Thirty-two years of love and labor have established the Tulsa Ballet Theatre as a dance company worthy of national and international acclaim.  The venerable Dance Magazine honored Tulsa Ballet Theatre’s founders and artistic directors Roman Jasinski and Moscelyne Larkin as “paragons in the development of American Ballet companies,” and a New York dance critic wrote of the Company’s 1983 New York debut, “Tulsa Ballet Theatre is one of the best things to be associated with Oklahoma since Rodgers and Hammerstein.

The daughter of a Shawnee-Peoria Indian and a Russian mother, Miss Larkin was born in Miami, Oklahoma.  She moved to Tulsa when she was nine and attended Horace Mann School.  In Tulsa, she studied ballet under her mother Eva Matlogova, and later with Celli, Vilsak-Shollar and Mordkin in New York City.  She joined the Original Ballet Russe at 15 and was recognized as one of the five famed Indian Ballerinas.

Mr. Jasinski was born in Poland and danced his way to honors at the Grand Opera Ballet School.  He became a premier danseur with the George Balanchine Ballet de 1933 and a member of Original Ballet Russe.

Larkin and Jasinski married in 1943 in Buenos Aires.  They toured two years with the Ballet Russe Concert Company and also with Alexandra Danilova’s Great Moments in Ballet. As premier danseur and ballerina, they partnered some of the most famous dancers of all time.

Wishing to put down roots and raise their son, Larkin and Jasinski exchanged their globe-trotting days for the equally hectic enterprise of establishing their own ballet school.  Formerly called Tulsa Civic Ballet, their company initially performed to benefit underprivileged children in need of dental care.  Driven by their high level of excellence, the Tulsa Civic Ballet gradually evolved into the Company that has repeatedly drawn the dance world to Tulsa.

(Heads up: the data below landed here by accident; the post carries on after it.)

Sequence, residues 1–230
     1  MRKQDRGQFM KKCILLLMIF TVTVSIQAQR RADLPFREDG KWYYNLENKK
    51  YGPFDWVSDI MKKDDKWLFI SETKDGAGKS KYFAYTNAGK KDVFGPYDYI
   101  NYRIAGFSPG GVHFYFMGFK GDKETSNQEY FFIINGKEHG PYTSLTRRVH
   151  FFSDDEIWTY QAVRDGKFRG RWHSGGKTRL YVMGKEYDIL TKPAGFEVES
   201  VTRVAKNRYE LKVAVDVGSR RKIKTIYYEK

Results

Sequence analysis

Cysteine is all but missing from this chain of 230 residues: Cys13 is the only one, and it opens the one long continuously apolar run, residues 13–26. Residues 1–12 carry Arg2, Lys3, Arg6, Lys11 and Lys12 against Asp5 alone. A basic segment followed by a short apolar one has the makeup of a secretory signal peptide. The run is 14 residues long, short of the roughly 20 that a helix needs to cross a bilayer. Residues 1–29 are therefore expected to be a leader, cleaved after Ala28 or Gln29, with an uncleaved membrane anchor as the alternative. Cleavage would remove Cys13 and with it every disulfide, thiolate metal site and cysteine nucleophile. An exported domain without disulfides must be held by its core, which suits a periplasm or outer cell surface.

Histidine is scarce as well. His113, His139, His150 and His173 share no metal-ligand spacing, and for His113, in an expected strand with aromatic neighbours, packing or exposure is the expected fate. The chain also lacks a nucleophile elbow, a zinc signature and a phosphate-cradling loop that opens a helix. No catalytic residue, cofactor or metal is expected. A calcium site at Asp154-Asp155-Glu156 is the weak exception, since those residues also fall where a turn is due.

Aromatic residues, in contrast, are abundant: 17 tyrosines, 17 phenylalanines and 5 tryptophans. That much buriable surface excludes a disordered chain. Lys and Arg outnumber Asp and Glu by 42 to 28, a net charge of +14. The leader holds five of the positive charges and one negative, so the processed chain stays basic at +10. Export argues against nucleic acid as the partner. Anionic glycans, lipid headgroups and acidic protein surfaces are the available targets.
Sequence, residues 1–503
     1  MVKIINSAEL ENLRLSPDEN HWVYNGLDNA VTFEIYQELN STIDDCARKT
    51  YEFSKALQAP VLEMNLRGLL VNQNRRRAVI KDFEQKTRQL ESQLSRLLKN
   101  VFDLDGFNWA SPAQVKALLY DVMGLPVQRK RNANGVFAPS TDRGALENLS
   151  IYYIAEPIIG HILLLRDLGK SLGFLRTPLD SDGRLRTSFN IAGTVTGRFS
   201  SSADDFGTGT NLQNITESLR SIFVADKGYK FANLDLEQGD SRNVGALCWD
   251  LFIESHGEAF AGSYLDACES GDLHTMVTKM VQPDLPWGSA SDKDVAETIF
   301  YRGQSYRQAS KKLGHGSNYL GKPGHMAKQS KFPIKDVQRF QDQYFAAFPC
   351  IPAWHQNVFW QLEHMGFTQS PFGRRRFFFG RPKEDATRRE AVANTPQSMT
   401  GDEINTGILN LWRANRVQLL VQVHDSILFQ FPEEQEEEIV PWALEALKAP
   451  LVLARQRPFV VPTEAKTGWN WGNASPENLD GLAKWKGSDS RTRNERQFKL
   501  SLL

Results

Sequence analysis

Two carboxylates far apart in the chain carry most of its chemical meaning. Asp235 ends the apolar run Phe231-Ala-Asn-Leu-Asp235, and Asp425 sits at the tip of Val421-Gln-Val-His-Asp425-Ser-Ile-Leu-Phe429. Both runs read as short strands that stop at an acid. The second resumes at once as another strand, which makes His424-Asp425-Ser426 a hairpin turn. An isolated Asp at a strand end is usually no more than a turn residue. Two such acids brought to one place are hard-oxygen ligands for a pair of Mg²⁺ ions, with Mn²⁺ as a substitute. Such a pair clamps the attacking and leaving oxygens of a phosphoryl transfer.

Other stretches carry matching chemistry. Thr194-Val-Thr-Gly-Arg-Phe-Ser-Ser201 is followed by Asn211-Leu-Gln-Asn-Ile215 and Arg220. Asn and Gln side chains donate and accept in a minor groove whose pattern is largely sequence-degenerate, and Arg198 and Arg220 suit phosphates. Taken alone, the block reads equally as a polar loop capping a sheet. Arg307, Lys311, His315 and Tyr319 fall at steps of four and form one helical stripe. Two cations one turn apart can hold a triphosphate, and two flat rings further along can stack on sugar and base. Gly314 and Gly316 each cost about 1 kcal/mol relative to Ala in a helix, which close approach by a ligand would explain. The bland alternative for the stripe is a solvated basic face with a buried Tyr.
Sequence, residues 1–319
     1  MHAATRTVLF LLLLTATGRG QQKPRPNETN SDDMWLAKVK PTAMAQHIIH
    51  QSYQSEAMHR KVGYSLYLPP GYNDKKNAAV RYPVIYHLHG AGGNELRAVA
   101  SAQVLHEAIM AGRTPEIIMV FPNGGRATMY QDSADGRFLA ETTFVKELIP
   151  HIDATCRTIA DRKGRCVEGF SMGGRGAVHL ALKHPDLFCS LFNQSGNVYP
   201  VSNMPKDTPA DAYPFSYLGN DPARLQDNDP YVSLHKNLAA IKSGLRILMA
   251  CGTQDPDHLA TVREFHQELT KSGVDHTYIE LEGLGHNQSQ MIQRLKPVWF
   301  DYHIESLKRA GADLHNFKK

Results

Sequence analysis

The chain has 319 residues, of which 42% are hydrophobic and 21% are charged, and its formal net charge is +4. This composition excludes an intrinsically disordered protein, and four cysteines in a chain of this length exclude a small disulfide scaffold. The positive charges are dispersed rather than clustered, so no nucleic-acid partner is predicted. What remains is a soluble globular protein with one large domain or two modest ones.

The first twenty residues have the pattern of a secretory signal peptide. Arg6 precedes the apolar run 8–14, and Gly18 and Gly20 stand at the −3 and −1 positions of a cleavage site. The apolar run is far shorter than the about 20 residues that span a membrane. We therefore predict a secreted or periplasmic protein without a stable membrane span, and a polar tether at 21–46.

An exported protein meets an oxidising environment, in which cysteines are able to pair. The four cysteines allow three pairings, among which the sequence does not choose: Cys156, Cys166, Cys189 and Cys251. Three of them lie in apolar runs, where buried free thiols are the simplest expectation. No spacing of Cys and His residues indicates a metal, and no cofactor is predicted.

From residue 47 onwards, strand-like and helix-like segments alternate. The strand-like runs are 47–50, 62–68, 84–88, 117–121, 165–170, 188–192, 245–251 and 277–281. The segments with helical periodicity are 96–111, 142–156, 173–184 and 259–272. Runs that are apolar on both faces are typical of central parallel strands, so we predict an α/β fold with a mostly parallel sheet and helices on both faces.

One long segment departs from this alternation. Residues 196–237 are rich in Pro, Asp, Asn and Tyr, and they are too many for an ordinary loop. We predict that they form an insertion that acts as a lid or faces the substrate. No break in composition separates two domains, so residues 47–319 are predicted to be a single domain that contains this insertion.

Within the Tulsa community, Jasinski and Larkin have established numerous programs to benefit the underprivileged, and those budding talents which might have otherwise been by-passed due to lack of opportunity.  Mr. Jasinski founded a rare dance class for boys only and taught at the University of Tulsa where a scholarship program for boys was developed.  The couple also taught dance and related arts to low income, Indian families with alcohol and drug problems.  The Tulsa Ballet Theatre visited Tulsa Public Schools regularly, stimulating an understanding and appreciation for dance.

Under Miss Larkin’s guidance, the First Oklahoma Indian Ballerina Festival was held in 1957, and again in 1967 and 1982.  Roman Jasinski choreographed the ballet The Four Moons in 1967 to honor Indian ballerinas.  The Nutcracker, performed by the Tulsa Ballet Theatre and guest children from local areas, is a Tulsa tradition.

Through the leadership of Jasinski and Larkin, the Tulsa Ballet Theatre has brought the world’s best-known and loved dancers and dance troupes to Tulsa, and have brought Tulsa to audiences from coast to coast.  In 1987, Tulsa staged Mozart Violin Concerto, a ballet never before seen in North America or performed anywhere in the world for twenty years.  The nationwide furor surrounding the ballet’s debut focused tremendous attention on Tulsa, and prompted the New York Times to declare the revival “a balletic miracle.”

Moscelyne Larkin and Roman Jasinski received the coveted 1988 Dance Magazine award for their contributions to dance.  Their inexhaustible creative energy and a dedication to their art and community are credited for bringing Tulsa to a cultural center stage throughout the nation.

Tulsa Historical Society & Museum
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